Property Auction South Africa
1.What do I have to do to take part in the bidding process at an auction?
You have to register before the auction by means of paying a security deposit (refundable if you are not the highest bidder) and also provide a copy of your ID as well as proof of residence.
The auctioneer will ask you to complete a bidder’s registration card and you must also complete the bidder’s registration at the registration desk.
2.Can I take part in the bidding process without registering for the auction?
The auctioneer is not allowed to take bids from anybody has hasn’t followed and complied with the registration process.
3.Why do I have to pay a registration fee?
The security deposit is there to protect the auction and bidding process and also the potential bidders from people who attend auctions and simply chase up a bid and then can’t comply with the terms and conditions of the auction.
4.Can I buy on auction and make my offer subject to bond approval?
Auction sales are non-suspensive. If you bid on an auction you must be sure that you will be able to get finance and comply with the terms and conditions without any suspensive conditions.
5.Where do I get the terms and conditions for the auction?
The auctioneer will have an information pack available before the auction; the pack is published on their website and available on demand.
6.What do I have to pay if I am the highest bidder on auction?
A deposit on the amount that the property was knocked down for and also the auctioneer’s commission. These percentages vary from auction to auction and must be cleared with the auctioneer before the auction. It will also be included in the terms and conditions of the sale.
7.When can I view the property or goods to be auctioned?
The auctioneer will advertise a specific time for viewing and if no time is advertised, viewing can always be arranged with the person dealing with the property.
8.Do I have to pay any arrear costs if I buy a property on auction?
Only when you buy from the Sheriff and when it is a sale in execution. Usually the buyer is only responsible for any rates and taxes and associated costs from date of occupation. The terms and conditions from the auctioneer will always deal with this specifically. Make sure that you clear this issue with the person who handles the enquiry on the property before the auction.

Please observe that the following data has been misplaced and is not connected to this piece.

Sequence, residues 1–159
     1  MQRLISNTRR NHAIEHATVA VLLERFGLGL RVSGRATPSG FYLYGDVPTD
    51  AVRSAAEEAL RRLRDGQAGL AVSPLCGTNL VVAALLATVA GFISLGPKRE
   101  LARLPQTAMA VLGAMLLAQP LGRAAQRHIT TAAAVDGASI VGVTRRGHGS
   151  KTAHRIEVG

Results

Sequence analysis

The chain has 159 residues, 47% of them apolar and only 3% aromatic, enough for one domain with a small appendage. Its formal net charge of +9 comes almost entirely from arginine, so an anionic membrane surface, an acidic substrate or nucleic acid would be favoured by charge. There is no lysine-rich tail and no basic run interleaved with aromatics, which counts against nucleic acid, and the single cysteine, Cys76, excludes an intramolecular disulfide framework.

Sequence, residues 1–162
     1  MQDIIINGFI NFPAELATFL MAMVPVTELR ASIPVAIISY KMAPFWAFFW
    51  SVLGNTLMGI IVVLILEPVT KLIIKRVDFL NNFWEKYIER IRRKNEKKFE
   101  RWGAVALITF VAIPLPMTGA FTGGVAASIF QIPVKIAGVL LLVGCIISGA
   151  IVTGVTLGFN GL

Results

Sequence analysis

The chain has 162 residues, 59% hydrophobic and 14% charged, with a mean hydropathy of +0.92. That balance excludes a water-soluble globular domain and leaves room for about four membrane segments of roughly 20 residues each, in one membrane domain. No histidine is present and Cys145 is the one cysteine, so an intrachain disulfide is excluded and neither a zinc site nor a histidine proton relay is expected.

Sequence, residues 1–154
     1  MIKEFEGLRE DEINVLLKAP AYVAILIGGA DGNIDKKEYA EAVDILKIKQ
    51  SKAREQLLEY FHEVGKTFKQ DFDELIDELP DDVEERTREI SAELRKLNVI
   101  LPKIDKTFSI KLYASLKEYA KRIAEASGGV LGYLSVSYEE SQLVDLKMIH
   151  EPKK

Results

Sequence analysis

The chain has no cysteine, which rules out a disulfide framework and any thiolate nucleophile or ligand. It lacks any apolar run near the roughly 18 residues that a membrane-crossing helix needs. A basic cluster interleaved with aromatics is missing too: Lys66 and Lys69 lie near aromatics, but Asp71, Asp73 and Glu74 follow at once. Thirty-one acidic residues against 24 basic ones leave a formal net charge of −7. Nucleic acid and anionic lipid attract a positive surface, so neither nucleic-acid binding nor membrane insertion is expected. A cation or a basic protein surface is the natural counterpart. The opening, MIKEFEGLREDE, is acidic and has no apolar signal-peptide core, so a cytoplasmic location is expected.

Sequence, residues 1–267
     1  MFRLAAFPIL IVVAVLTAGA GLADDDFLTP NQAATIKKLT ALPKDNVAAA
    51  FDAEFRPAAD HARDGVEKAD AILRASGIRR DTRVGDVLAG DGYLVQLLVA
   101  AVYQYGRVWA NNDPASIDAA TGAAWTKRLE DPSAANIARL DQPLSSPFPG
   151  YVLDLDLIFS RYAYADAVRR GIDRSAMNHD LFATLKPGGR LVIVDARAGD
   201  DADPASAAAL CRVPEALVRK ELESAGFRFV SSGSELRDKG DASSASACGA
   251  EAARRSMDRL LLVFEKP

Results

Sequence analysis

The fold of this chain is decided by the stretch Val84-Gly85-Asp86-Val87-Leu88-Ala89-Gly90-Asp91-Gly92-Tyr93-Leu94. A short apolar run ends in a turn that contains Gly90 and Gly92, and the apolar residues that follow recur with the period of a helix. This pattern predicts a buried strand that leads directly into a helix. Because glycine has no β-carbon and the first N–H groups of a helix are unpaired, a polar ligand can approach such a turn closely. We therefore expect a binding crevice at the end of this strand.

9.If I am not successful on the auction ,can I make a higher offer afterwards?
If it wasn’t sold and confirmed on the fall of the hammer you are allowed to do that. The offer must be exactly on the same terms and conditions of the auction (deposit and commission payable to the auctioneer). It must be done within the confirmation period (dealt with in the conditions of sale). However, the highest bidder has got the right to equal your bid and you can’t come back with a higher offer again. You only have one chance.
10.Can I send somebody else to bid on my behalf at an auction?
If somebody else bids on your behalf at an auction, that person must be accompanied with a power of attorney giving him/her a specific instruction to bid on your behalf on that SPECIFIC property. The POA must also be accompanied with the relevant Fica (ID and proof of residence) documents of both parties.
What is a classic car auction?
A classic car auction is the ideal platform for car collectors to obtain that evading dream car to add to their collections.
Classic car auctions are lavish lifestyle events for all car enthusiasts to attend.
Why buy a collector’s car on auction?
Auctions are, by their very nature, pure capitalism at work, with the laws of supply and demand never more evident than in an auction room. If the demand for a particular car is high, the price will likely also be high. At the same time, if a car is not in high demand, chances are that a bidder can claim a collector’s item at a bargain price.
A car auction is simply where all roads meet in the collector car business. Savy buyers should work with the auction house to get the information they need in order to make informed bids.
What does “as-is” or “voetstoots” mean? What if there is a problem with the car, or if it turns out to be different after purchase than what the auction house represented before purchase?
Interested buyers must do their homework thoroughly before the auction by visiting the website for a wide selection of images and descriptions of all the lots. Interested buyers should also attend beforehand to view the vehicles in person, where possible, and obtain all information necessary to make an informed bid.
All sales “as-is” or “voetstoots” refer to the fact that the bidder is responsible for inspections and verification of condition, authenticity, and completeness of any vehicle purchased.
Pieter Geldenhuys, Managing Director of Bidders Choice, reminds the interested buyer that “cars are never represented by the auction house. All actions, any statements or representations are strictly and solely those made by the seller.”
“Once you win the bid, you own the car,” he adds.
What if the reserve is not met, but I still want the car?
In auction jargon, the reserve is the minimum price required in order for a specific lot to sell. This figure is kept confidential and is set by the seller in advance of the sale. If the reserve is not reached on the podium, the auctioneer will sell the lot subject to confirmation.
However, all is not lost for interested bidders. At many auctions, they are invited to speak to an auction house representative for continued negotiations, and a possible post-sale deal.